“While El Salvador’s outsized role as a Cold War hot spot has inspired a wealth of scholarly writing, historical studies have not kept pace with the work done in other disciplines. This in-depth study of networks and politics before and after the turn of the 20th century does a great deal to remedy this imbalance. . . . A substantial contribution to the historical literature on Central America and to the wider historiography on links between local and national politics in Latin America.” ~Choice
“Ching draws on extensive archival research and offers methodical analyses to make his case, going to great lengths to explain the historiographical significance of his case study. This is clearly a major contribution to the history of authoritarianism in El Salvador and Latin America.” ~Historian
"During the 1980s, when El Salvador was in the midst of a terrible civil war, numerous books were written that attempted to explain that small country’s predicament but usually ended up quite short on detail and nuance. Now we have Erik Ching’s very detailed and nuanced study that takes us not only back in time—to the nineteenth and early twentieth centuries—but to local environments where elites and clients interacted to decide the outcome of electoral contests that anointed municipal and national power holders. This book is indispensable for understanding a political culture that combined democratic rhetoric with violence and repression of dissenting points of view." ~Knut Walter, author of The Regime of Anastasio Somoza, 1936–1957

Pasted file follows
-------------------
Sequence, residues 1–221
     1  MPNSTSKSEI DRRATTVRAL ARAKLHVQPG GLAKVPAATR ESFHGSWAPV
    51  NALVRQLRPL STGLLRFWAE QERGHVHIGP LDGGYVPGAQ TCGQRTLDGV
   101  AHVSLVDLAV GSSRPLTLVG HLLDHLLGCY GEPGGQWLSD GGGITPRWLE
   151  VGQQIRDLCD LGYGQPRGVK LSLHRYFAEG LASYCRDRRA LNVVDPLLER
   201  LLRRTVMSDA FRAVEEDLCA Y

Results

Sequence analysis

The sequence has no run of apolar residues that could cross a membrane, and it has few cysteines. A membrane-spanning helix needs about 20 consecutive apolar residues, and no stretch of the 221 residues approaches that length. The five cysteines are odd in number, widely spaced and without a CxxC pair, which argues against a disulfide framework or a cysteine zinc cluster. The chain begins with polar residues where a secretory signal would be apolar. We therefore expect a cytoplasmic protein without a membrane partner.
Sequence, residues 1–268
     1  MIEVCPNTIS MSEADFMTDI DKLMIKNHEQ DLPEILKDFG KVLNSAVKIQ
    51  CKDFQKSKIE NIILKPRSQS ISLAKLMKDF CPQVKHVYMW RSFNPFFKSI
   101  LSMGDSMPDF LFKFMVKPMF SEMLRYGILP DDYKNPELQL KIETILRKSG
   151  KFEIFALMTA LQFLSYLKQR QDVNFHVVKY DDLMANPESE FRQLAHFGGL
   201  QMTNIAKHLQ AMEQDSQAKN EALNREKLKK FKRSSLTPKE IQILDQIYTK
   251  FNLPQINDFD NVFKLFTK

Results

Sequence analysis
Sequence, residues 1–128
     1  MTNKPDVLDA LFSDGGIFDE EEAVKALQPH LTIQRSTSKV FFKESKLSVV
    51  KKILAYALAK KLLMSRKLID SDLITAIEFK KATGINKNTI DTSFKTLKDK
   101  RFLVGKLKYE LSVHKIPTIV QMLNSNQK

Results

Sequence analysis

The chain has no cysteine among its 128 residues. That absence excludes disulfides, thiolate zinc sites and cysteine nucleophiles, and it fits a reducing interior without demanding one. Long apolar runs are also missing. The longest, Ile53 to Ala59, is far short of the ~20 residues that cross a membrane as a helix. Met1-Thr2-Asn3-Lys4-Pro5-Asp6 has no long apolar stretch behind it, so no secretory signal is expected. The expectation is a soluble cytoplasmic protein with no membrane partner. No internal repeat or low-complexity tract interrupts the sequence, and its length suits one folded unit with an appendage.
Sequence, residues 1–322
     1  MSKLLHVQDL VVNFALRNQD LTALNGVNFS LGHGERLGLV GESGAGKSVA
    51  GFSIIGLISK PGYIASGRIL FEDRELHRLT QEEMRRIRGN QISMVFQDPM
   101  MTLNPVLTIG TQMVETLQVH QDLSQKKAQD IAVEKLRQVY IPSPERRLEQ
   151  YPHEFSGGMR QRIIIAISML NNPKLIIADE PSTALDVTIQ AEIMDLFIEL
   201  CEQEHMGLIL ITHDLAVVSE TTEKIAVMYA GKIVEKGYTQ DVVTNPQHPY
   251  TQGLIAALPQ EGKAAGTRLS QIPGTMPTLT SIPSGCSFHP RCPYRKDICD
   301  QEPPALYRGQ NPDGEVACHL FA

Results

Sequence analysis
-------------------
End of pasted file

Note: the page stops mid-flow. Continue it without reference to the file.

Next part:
“Ching is one of the first scholars to systematically document this unprecedented political opening in Salvadoran history. This finding opens up new lines of inquiry for Salvadoran histiography, especially as this brief democratization relates to subsequent events such as the 1932 uprising and massacre. . . Ching once again offers fresh interpretations to another understudied period of Salvadoran history by illustrating how Martínez used a patronage network similar to the PND’s but also incorporated elements of social reform to provide a modicum of legitimacy that later military governments would emulate, often to the extreme dissatisfaction of the landed elites.” ~Hispanic American Historical Review
“. . . The book is groundbreaking in its detail and the nuanced insights it offers into nation-state formation; as such, it deserves attention from a wide audience. Beyond area studies and thematic interests, students and teachers of historical methodologies will appreciate the transparency with which Ching analyzes both the voices in the documentary record as well as its silences.” “. . . The book is groundbreaking in its detail and the nuanced insights it offers into nation-state formation; as such, it deserves attention from a wide audience. Beyond area studies and thematic interests, students and teachers of historical methodologies will appreciate the transparency with which Ching analyzes both the voices in the documentary record as well as its silences.” ~American Historical Review